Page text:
A) It makes me uncomfortable, and B) What’s the point?
Recently I joined a writing group that meets in person every Sunday. It is a wonderful group of writers. I am truly impressed, not just by their writing, but at the immense amount of helpful and positive support and critiques each member gives.
I was a little thrown off my first time however when I learned the set up. A couple people share each week: each writer has ten minutes to read their work out loud and then immediately after every person in the group has two minutes to provide a critique.
Immediate critiquing aside, one thing I noticed was how pieces sounded different when read aloud. Certain repetitive words are caught, grammar is noticed, flow sounds right or off, dialogue makes sense or doesn’t quite click. There are a lot of little nuances that aren’t picked up when reading silently that are when read out loud.
I still was weary however. I knew eventually I would be ready to share some of my work with this group and reading aloud frightens me. I get shaky, my heart races the entire time, my mouth dries up and I tumble over my words – it is quite chaos. So I decided to give it a try on a short story I wrote a couple years back, one that I really want to perfect but am aware that it still needs work. I began reading aloud to my empty room when no one was home and was shocked at how often I would stop and find myself rewriting a line here and there. Oh, that doesn’t sound right. Did I really just use the word dull three times in one paragraph? And, the interesting part is – I have read this piece so many times over the past couple years. I’ve read it after taking a break for a few months and still I never noticed these issues. It was amazing what reading aloud did for my story.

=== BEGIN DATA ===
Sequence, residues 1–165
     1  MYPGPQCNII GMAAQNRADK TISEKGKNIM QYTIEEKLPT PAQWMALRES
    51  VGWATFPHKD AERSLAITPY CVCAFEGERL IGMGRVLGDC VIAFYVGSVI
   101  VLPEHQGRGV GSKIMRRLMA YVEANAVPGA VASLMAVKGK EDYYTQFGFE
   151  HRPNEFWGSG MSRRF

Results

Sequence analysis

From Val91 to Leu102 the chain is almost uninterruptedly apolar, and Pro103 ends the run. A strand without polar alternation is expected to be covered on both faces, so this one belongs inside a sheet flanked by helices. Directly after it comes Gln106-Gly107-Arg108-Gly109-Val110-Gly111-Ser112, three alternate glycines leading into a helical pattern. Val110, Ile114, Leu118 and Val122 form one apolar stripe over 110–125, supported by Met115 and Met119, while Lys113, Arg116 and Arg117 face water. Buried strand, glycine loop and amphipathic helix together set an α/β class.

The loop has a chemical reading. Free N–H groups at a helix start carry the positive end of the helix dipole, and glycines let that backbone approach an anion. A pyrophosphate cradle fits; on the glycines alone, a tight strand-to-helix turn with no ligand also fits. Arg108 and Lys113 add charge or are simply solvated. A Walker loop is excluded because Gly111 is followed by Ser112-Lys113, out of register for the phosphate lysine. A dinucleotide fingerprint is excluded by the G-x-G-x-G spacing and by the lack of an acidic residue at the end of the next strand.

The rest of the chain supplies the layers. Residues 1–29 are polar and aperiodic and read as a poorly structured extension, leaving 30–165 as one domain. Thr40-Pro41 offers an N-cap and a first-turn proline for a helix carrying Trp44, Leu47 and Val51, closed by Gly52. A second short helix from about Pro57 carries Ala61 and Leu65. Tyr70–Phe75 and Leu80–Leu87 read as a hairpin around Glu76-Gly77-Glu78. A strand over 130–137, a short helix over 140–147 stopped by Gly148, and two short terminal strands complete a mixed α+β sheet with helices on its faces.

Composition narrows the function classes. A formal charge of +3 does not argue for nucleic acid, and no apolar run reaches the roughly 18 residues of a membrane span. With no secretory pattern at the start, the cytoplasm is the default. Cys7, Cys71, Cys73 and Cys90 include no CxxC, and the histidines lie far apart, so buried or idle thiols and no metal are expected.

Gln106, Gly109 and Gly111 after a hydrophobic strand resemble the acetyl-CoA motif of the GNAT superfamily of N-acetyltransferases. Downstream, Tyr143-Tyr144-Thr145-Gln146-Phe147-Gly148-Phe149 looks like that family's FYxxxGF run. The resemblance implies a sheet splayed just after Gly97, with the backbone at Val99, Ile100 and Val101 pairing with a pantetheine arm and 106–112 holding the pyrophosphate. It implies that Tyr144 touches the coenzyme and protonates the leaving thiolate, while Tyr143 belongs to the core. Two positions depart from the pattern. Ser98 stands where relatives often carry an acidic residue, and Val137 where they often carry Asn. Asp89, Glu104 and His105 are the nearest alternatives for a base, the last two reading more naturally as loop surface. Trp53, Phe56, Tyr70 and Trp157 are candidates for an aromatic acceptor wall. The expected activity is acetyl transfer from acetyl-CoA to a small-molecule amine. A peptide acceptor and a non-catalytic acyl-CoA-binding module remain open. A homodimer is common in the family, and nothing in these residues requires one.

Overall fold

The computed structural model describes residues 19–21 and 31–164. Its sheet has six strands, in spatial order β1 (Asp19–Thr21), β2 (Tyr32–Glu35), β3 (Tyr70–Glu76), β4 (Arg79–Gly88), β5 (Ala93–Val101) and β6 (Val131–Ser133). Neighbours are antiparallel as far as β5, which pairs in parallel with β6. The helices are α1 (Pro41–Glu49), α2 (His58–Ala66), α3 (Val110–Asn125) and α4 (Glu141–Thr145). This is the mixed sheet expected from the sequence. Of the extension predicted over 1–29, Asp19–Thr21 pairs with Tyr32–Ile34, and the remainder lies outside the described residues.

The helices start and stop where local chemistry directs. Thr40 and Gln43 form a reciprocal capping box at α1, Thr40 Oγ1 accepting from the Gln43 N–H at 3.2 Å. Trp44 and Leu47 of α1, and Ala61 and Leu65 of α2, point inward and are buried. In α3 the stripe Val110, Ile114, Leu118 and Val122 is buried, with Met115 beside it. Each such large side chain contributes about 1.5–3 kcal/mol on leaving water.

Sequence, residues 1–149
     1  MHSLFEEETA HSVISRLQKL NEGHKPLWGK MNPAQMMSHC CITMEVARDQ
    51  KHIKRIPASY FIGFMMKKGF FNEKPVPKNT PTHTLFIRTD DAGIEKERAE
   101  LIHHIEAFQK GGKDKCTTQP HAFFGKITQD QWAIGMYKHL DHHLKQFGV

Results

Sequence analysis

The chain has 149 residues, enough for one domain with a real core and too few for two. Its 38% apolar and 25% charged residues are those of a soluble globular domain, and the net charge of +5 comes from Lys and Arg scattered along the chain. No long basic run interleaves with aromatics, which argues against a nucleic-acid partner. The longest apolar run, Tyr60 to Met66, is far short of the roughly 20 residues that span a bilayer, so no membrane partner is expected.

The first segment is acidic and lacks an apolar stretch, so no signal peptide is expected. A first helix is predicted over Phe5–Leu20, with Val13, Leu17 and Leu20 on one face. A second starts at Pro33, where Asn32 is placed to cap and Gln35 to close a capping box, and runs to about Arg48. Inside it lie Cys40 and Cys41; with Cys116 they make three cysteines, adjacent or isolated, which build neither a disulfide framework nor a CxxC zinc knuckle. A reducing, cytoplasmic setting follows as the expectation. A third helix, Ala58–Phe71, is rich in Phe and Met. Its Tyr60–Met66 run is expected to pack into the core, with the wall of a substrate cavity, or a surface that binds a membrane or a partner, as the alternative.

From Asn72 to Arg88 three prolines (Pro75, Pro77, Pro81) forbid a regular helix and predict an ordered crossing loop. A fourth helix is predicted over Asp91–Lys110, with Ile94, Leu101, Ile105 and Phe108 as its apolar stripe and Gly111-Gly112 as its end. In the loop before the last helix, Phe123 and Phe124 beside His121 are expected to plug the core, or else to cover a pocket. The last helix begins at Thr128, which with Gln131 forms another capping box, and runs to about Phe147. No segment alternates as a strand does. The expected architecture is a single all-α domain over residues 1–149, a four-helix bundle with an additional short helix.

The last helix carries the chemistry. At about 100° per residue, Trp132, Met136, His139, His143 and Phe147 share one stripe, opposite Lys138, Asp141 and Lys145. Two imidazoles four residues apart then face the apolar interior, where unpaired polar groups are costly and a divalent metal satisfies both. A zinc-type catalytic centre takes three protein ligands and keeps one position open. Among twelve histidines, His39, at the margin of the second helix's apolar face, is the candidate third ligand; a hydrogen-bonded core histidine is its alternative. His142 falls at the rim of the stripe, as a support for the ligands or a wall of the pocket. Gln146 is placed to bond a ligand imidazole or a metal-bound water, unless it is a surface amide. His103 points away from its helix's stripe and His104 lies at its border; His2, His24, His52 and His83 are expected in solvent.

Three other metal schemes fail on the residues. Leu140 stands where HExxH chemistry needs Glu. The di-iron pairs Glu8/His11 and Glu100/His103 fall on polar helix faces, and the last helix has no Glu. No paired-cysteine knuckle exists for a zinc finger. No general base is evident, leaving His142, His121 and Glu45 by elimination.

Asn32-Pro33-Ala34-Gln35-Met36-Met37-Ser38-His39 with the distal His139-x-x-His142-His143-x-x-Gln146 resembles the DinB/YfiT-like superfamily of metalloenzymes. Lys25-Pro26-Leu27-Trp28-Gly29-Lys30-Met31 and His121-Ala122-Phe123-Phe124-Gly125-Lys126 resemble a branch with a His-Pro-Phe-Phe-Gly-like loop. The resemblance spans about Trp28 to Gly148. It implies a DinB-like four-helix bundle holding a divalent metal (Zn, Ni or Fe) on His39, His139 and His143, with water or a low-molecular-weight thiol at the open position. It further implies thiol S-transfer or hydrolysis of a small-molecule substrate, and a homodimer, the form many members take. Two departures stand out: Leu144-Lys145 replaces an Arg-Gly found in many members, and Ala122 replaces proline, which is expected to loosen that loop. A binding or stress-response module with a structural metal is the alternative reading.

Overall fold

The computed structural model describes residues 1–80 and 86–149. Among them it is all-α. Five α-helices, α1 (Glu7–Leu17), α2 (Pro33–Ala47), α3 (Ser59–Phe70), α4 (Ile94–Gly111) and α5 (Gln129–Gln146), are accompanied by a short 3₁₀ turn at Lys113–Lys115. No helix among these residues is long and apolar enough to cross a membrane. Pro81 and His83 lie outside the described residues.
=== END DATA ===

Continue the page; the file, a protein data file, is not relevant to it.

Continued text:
Last night I came across best-selling author Claire Cook’s website and one of her pages is dedicated to Aspiring Writers. When asked is she has any tips for self-editing, Cook answers:
“The best one I know is to read your work out loud. You’ll absolutely pick up mistakes you’d otherwise miss. This is particularly helpful with dialog. If it doesn’t sound like something someone would actually say, it won’t come out of your mouth right. But this technique also helps me hear other mistakes and to find the rhythm of my work. Try it — I think you’ll like it!”
So, give reading your work out loud a try, and see what you come up with. Do you already have great flow but overuse words? Is your dialogue off or just on point? Reading aloud won’t only help you find mistakes or inconsistencies – it may even help show you the areas you are strongest.
Another thing to keep in mind with reading your writing out loud – if you do become a published author, attending events and readings, this is a skill set you will want to perfect early on. Master it before you have to face a larger audience – practice with writing groups and in the comfort of your own room. You’ll find your rhythm and learn to love your writing that much more. You wrote it, so why shouldn’t you feel great reading it?
*If you haven’t practiced this before, I encourage you to try it now, or as soon as you can! Pull out your recent story and read a chapter, or couple pages out loud. What things did you pick up on that you may have otherwise missed?